potential to carry some sort of damaging programme such as a worm or
virus that is then introduced into the system. Whilst proper intrusion
detection systems should give some protection against this, the virus
may have done its work before it is detected. In one test a security
company left old flash drives scattered around the company car park
early one morning. Each of these drives had a lot of innocuous data
and pictures so as not to arouse suspicion - but they also had a
self-activating Trojan that harvested sensitive information and then
used the e-mail client to send the information to the security
company. They watched as employees found the devices as they arrived
in the morning within an hour or so the first emails started arriving
as the employees plugged the flash drives into their unguarded USB
ports! No matter how good your security is the weakest link is
normally human fallibility!
So what can be done to stop the unrelenting march of Podslurpers and
Camsnufflers? Some companies have taken the extreme step of filling all
USB and firewire ports with superglue! However this is not the favoured
solution as Andy Beesley of Wired IT Services explains: The problem here
is that the security issues are being caused by the very reason that USB
ports have developed their ease of use and user friendliness. Sealing
them up with Superglue might fix the problem but it will also inhibit
the productive use of these devices which is not in the best interests
of the organisation.
We need to find a sensible combination of measures that educate and
prevent without unduly inhibiting peoples everyday lives. A typical
process would be as follows:
* Education employees need to understand the risks and implications of
security breaches to the wellbeing of the organisation. This
particularly the case for laptop users who use them away from secure
areas such as the workplace or the home.
* Understand the current security risks how many employees use USB
sticks, iPods, PDAs, digital cameras etc and how often are they
connected to the network.
* Review the business requirements what is really required by employees
as a part of their daily work patterns which may lead to some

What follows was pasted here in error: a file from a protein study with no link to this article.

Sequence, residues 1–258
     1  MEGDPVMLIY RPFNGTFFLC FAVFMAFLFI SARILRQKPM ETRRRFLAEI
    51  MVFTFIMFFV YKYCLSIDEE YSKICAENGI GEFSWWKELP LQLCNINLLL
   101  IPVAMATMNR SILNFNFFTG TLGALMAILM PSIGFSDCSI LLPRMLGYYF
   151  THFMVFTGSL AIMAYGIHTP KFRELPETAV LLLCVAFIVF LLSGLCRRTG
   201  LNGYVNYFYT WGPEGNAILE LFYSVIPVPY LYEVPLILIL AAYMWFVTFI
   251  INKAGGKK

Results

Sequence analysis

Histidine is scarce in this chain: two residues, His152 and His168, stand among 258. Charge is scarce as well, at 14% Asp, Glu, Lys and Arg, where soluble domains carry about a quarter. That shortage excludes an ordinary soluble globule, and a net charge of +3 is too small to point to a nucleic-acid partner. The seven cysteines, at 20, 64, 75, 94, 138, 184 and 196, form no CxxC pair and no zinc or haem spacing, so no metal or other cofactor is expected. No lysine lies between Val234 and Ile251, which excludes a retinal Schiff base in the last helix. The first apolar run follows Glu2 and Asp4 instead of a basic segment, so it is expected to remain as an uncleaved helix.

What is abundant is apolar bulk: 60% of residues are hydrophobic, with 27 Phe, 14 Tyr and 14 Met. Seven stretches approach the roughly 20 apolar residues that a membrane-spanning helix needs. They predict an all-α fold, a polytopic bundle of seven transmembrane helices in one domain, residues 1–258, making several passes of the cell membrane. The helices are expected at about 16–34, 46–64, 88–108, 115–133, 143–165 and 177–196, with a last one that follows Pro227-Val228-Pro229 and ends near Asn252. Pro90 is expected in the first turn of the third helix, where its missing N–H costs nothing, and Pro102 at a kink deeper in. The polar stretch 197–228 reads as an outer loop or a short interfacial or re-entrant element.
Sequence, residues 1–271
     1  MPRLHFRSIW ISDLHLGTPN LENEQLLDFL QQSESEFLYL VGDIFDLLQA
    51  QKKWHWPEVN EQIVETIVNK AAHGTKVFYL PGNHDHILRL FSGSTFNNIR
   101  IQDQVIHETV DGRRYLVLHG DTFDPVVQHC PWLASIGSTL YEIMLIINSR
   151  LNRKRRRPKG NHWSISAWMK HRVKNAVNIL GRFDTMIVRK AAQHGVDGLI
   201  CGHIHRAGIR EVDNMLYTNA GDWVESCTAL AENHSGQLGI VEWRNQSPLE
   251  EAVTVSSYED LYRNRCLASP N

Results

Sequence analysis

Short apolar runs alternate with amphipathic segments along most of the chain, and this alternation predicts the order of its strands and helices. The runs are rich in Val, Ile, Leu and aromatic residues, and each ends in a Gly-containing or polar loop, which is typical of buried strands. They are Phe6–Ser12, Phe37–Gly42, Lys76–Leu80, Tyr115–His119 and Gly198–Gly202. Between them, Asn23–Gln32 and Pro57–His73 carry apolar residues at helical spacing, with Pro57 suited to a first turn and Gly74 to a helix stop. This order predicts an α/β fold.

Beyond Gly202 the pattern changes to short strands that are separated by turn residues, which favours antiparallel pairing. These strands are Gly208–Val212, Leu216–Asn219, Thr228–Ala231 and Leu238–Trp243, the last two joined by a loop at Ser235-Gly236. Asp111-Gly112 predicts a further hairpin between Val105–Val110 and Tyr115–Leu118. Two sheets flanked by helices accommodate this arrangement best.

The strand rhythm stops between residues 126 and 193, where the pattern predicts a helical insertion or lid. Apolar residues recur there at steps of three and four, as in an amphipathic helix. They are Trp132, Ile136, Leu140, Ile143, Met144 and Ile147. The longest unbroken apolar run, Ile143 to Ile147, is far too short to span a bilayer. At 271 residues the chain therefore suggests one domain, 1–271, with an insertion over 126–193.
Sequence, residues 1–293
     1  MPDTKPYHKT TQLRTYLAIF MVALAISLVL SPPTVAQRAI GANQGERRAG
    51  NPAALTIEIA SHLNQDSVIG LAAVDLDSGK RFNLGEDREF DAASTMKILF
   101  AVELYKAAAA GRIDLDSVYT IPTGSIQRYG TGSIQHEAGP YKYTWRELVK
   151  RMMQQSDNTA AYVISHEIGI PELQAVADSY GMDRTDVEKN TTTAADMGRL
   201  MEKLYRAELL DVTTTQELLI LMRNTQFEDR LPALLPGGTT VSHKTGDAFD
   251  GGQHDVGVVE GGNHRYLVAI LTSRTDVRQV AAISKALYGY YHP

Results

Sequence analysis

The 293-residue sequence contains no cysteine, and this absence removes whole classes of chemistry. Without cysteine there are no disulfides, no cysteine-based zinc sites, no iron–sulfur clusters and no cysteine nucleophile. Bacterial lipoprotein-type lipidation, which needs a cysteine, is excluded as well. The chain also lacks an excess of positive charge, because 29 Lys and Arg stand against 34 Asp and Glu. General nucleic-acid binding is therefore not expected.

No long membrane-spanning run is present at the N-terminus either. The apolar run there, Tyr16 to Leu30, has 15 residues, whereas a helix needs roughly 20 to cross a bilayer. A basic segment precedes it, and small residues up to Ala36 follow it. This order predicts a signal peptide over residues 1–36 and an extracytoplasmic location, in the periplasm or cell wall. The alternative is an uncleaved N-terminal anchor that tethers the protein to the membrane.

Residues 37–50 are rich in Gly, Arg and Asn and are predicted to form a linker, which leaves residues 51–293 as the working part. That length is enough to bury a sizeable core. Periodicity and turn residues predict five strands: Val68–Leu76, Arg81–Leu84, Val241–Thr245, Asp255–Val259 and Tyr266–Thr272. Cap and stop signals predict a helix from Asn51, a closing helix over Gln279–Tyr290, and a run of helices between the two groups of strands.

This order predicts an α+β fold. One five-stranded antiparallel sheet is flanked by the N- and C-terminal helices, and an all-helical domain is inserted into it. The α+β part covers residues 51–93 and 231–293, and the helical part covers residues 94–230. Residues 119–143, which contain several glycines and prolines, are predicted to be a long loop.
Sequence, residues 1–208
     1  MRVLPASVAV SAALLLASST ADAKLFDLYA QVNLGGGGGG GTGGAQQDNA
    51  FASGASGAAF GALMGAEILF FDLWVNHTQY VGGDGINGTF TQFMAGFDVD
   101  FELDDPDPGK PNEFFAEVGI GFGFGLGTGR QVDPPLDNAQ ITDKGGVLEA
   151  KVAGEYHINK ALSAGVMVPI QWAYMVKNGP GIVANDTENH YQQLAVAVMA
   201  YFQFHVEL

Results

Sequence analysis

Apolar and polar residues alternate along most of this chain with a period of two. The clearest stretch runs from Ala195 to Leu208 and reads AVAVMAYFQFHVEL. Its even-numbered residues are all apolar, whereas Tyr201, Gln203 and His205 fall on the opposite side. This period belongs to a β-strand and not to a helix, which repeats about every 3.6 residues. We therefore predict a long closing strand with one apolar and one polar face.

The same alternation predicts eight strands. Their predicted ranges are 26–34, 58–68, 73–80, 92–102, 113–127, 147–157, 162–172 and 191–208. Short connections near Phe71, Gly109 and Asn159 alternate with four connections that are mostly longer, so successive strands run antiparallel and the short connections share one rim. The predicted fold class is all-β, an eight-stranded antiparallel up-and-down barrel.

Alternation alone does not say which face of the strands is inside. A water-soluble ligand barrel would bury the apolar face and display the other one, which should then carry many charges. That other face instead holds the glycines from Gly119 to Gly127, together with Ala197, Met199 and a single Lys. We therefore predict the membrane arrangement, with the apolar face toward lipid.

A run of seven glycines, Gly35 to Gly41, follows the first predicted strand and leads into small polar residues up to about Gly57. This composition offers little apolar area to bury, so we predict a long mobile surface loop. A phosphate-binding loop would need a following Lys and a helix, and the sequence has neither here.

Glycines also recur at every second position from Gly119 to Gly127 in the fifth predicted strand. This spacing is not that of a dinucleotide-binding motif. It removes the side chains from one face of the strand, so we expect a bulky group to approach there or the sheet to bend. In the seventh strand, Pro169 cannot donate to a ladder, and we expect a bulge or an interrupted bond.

interesting discussions and indeed revelations!
* Create a clear AUP (acceptable use policy) that governs what is and
what is not permitted regarding removable devices including
restrictions on them being brought into the workplace. This policy
needs a clear and comprehensive communication procedure with employees
signing off that they accept its governance.
* Policy enforcement through intelligent lockdown this can be physical
(such as Superglue!) but can also be technology based:
* Inhibit autorun although normally only associated with CD drives,
other removable devices can be made to look like a CD drive and
inhibiting autorun will prevent programmes from running without the
* Disable USB connections in system BIOS for machines where there is no
requirement for external devices
* Use software that allows policy to be defined so that only agreed
users can use devices that are authorised on ports that are authorised
all other usage is blocked.
* Use software to create document policies that restrict the way that
files can be copied or used.
* Use encryption on all sensitive data
* Keep all data on secure central network servers and restrict the
amount that can be held on desktops or laptops.
* Iterate more education, review the operation of the policy and repeat
There can never be 100% security but hardware lockdown is an
increasingly important issue because of the advances in removable device
technology. With this technology advancing at an ever increasing pace
the time to act is now.